Yes, it's technically possible to upgrade and downgrade between premium and other tiers. For guidelines on how to migrate your solution from standard messaging to premium messaging, please read this blog post.
A hybrid connection allows you to establish bi-directional, binary stream communication between two networked applications, and one or both parties can reside behind NATs or firewalls. The listener that accepts this relayed connection and the sender that initiates the connection can both be implemented on any platform, and in any language, that has a basic WebSocket capability, including the WebSocket API in most web browsers.
When you create your first hybrid connection listener you will be charged at a per listener unit rate. The same rate applies to each individual listener that you decide to create. 5 GB of free data transfer per month is included with the service. You can use the 5 GB of free data transfer across all of your listener units. You will be charged for data transfer overage if your aggregate data transfer across all listener units is more than 5 GB.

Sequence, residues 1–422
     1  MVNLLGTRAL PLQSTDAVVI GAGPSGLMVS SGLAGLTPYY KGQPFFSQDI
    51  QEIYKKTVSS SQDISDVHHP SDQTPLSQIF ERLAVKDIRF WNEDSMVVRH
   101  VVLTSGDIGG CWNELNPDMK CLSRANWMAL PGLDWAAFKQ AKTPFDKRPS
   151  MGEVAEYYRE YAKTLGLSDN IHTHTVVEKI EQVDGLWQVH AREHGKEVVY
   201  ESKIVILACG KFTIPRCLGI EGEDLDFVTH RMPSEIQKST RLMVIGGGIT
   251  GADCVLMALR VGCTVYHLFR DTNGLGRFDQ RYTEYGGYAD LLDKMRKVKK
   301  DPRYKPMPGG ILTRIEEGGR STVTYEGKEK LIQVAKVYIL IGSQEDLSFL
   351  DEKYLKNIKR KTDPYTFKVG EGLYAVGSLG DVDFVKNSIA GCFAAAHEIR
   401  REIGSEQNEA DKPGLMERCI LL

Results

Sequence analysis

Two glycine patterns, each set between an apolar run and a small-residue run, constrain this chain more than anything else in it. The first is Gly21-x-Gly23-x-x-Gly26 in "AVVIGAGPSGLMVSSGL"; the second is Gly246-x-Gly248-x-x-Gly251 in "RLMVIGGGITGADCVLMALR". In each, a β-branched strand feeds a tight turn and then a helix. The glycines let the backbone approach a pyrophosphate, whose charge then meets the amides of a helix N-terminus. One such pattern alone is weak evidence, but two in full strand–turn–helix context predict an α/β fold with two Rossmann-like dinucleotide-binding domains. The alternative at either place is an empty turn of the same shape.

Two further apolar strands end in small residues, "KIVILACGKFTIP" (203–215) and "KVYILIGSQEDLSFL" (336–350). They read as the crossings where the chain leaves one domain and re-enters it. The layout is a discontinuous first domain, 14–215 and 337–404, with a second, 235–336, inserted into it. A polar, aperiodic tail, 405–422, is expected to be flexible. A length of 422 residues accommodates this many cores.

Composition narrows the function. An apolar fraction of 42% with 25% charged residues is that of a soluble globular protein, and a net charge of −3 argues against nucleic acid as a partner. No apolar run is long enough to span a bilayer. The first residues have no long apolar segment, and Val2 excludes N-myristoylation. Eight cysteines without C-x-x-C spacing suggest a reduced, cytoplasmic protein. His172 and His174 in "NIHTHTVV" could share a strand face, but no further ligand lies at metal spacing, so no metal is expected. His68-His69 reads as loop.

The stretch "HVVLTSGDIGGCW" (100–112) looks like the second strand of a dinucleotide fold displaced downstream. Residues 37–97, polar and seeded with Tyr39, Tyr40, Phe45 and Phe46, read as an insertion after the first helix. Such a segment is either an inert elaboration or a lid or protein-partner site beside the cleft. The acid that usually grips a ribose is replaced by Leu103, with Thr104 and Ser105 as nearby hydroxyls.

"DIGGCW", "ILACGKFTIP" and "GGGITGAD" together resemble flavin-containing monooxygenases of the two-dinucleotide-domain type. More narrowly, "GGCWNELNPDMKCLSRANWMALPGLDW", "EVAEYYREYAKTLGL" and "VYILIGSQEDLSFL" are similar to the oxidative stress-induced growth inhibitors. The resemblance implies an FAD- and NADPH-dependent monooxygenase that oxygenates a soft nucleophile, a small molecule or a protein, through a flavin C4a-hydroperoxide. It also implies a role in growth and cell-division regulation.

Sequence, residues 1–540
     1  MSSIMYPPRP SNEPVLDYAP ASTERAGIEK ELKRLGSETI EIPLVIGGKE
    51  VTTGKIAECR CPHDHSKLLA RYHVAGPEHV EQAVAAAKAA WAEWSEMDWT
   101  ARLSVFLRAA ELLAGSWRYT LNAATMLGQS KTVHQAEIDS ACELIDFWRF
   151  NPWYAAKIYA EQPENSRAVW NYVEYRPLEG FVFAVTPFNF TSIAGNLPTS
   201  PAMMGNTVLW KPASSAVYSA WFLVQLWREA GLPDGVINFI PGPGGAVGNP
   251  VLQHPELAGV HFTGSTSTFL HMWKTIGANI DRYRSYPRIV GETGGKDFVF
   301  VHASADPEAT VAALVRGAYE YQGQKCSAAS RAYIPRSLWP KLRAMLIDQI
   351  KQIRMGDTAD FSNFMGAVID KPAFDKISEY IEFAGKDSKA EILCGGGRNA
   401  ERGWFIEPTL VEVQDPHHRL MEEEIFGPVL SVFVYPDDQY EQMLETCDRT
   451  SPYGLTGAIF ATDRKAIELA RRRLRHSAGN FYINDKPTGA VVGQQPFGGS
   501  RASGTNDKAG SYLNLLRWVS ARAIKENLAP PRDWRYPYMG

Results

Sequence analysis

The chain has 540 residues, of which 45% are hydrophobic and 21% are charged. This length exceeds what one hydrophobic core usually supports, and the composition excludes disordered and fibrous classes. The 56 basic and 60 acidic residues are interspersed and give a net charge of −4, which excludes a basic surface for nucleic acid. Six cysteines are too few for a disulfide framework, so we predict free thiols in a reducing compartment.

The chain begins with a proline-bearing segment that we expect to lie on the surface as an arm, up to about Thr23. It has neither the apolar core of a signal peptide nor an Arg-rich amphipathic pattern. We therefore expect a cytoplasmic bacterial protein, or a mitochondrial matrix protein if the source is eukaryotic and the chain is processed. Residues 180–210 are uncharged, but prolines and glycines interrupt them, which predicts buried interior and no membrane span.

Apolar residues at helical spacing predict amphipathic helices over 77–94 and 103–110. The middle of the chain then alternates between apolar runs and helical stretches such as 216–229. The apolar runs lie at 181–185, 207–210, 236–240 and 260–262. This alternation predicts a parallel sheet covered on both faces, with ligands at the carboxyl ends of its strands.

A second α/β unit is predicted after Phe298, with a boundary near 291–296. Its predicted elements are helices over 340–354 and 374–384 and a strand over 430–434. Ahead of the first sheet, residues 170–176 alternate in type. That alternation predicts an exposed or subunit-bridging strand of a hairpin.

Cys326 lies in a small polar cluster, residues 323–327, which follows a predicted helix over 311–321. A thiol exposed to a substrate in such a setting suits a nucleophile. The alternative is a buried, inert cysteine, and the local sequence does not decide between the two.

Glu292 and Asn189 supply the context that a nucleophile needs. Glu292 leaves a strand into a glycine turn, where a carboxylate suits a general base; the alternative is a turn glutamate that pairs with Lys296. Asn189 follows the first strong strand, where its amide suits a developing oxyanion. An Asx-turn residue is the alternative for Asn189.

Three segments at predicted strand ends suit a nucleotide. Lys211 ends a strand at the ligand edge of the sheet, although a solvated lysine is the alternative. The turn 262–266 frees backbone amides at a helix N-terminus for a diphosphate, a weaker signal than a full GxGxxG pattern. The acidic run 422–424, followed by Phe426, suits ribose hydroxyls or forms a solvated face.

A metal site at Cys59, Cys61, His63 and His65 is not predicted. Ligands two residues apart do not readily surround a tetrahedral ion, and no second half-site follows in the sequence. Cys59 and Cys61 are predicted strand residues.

Sample pricing 1 – If you have a single listener, such as an instance of the hybrid connections manager installed and continuously running for the entire month, and you send 3 GB of data across the connection during the course of the month, your total charge will be $-.
Sample pricing 2 – If you have a single listener, such as an instance of the hybrid connections manager installed and continuously running for the entire month, and you send 10 GB of data across the connection during the course of the month, your total charge will be $-. That's based on $- for the connection and first 5 GB plus $- for the additional 5 GB of data.